Russ Meyer spent several years playing bass with Twin Shadow, during which time he began writing his own music. The resulting songs gave way to Meyer’s shadow persona, Rush Midnight. I talked to him about developing his own sound and his newly released album, self-titled Rush Midnight.
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Rachel Levine (RL): I know you’ve probably told this story a thousand times, but how did Rush Midnight get started? What’s the difference between you, Russ Meyer, and Rush Midnight?
Russ Meyer (RM): I guess this whole idea came out when my friends and I were talking about super heroes, and the super hero aesthetic. That inspired the project. I like to sing about adventure and adventures in romance. The world we want to create.This was a cool vehicle to say what I want to say. Everything is cinematic, sort of fantasy based. There’s a lot of imagination and it’s not all set in that urban New York type situation. You know, like everything is supposed to be in a new location. One [song] will be at the ocean side, one in a club.
RL: What do you mean by a super hero aesthetic?
RM: Extraordinary powers – confidence, swagger. When you hear it, I want the listener to hear that and for the listener to feel confident.
RL:Is there something particular you do to convey that?
RM: The minimal sounds and the look. For example, when we do a photo shoot, we use fewer colors because it across a little better for this stuff. Ultimately, we want to have costumes and proper lighting, dramatic lighting. Right now, since it’s still early days, we’re working with what we have. If we play a dive bar in North Carolina, it doesn’t make sense to wear a crazy leather vest with studs all over it and have a lighting guy that doesn’t make sense. Ultimately, the videos are previews of where we want to go with this. It’s an evolving thing.
RL:What was it like to step out into a solo project and away from Twin Shadow?
RM: Twin Shadow is always going to be George Lewis Jr. I toured with them for three or so years and that was great and we got to play amazing places. He helped me with my own stuff at a certain point. We finally had time off and [Lewis] co-produced my stuff and he agreed to put his name behind it. Once we had that, there were two options: stick around and be in the backing band or do this solo thing. We had a lot of time off from Twin Shadow, so it was a great time to take that risk or plunge.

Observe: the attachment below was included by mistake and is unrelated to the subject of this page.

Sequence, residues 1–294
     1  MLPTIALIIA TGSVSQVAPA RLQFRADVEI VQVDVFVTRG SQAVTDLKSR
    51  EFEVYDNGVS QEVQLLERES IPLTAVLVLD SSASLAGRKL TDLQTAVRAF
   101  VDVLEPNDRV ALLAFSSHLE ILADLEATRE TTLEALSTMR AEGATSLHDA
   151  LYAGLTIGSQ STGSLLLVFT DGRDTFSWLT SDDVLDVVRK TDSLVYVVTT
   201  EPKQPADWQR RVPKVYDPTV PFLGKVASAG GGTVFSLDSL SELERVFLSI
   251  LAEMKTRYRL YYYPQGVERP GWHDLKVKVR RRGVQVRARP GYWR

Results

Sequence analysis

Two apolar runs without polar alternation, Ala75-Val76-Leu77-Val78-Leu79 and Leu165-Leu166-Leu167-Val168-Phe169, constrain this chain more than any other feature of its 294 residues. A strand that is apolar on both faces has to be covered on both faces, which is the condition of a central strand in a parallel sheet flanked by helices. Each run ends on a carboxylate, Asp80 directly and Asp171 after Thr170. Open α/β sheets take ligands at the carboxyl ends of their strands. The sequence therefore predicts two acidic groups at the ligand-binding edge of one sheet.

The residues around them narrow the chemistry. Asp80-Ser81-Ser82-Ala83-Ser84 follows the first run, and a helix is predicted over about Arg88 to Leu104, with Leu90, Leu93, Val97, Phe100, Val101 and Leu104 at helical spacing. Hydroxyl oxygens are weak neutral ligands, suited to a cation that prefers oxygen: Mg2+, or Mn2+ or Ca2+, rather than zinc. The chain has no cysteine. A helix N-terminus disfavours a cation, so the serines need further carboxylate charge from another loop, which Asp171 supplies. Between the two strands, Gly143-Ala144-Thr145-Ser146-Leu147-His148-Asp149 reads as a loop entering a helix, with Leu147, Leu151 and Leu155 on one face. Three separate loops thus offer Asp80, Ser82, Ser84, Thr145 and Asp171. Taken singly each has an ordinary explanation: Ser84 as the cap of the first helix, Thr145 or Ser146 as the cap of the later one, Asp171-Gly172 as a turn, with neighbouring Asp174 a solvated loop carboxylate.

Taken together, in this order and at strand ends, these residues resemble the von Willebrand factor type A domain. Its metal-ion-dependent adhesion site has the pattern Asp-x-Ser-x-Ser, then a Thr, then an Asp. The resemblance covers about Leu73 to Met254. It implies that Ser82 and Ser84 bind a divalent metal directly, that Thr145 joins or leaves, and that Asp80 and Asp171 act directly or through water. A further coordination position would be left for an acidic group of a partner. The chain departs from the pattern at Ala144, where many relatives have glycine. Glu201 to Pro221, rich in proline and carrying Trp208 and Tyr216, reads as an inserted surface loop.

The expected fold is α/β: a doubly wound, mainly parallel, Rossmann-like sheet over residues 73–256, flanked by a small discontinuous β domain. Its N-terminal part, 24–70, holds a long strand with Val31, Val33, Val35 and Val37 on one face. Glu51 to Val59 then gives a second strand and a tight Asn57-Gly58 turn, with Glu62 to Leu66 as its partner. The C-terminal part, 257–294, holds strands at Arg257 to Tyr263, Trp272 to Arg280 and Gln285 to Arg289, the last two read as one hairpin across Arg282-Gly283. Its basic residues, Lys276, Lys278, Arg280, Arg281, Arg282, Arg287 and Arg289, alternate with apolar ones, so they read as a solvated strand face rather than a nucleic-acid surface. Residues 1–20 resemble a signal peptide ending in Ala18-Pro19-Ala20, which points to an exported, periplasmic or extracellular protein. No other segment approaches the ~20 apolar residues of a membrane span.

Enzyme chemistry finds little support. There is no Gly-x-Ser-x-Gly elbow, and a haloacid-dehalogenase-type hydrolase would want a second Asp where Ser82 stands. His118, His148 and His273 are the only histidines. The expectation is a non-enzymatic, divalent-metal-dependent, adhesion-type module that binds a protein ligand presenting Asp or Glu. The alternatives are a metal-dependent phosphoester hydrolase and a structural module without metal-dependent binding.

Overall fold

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RL:You have a background studying conservatory jazz. Can you talk about how this may have affected your music?
RM: I spent a lot of time in college doodling on piano and writing jazz songs. I was supposed to be practicing transcribing bass solos and stuff, but I was veering towards composition and stuff. I walked away with a lto of technical ability and ease on the instrument. But, I’m trying to forget everything I learned. Some of the voicing or harmonies might have found when I was at school. Even though I’m going for a pop thing, there’s a little bit of advanced harmony or rhythm to the music that isn’t standard.
RL: So you just released your album, do you want to tell me about what this was like?
RM: Everyone always says there’s a lot of time put into an album, the writing of it, then 3-5 months of just pressing the material, and entering all the info, so by the time it comes out… well, it’s a little bit that I’m on to the next thing. I’m almost done with my follow up.
RL: So you were working on your new material while waiting for the new album?
RM: I was totally working on other stuff. While home, I write every day, It’s a 9-5 for me. Every day, it’s writing [music] or starting to write for other people.
RL: How do you go about writing music?
RM: Usually I begin wtith different rhythms or something I haven’t explored, a bass line or a guitar part, and build it from there. I want to have something new. I don’t want to do the same thing a million times.
RL: How do you end up deciding what goes on the album?
RM: It’s a process. At first you write a bunch — quantity. Then a week or two passes and you have a bunch of stuff and you show it to your friends, your girlfriend or something, and see how people respond. Then before you know it you have 20 tracks and some are favorites and some are forgettable. I narrowed it down from 25 tracks. Now I have leftover tracks which are pretty dead to me, and 30 new ones for the new album that I’m trying to whittle down.
RL: The album has got some fantastic jazzy jams in there, some breathy vocals, lots of swagger. It reminds me of an 80’s pop icon meets 70s groove. Was this intentional?
RM: I’m into 80s dance music. Whenever I dj around New York, that’s a good go-to thing. There’s a million 80’s solo acts and they have this one sound, the same synthesizer and drums. So, it’s what I’m working with because of the gear I have. I’m using a swan keyboard – dX7. It’s bordering on cheezy, but if used correctly it’s pretty cool. That’s fun to play with. I see it as a blend of that rock, guitar 80’s sound with some synthetic pads that are more brat pack. I wanted to stay with as crisp a sound as I can. I don’t want a huge palette. Artists tend to get bigger and bigger with more gear, and sound more expensive, but you lose something doing that.
Rush Midnight plays with Nightbox and Diamond Bones at Il Motore (179 Jean Talon W) on Friday June 13. 9 p.m. $15.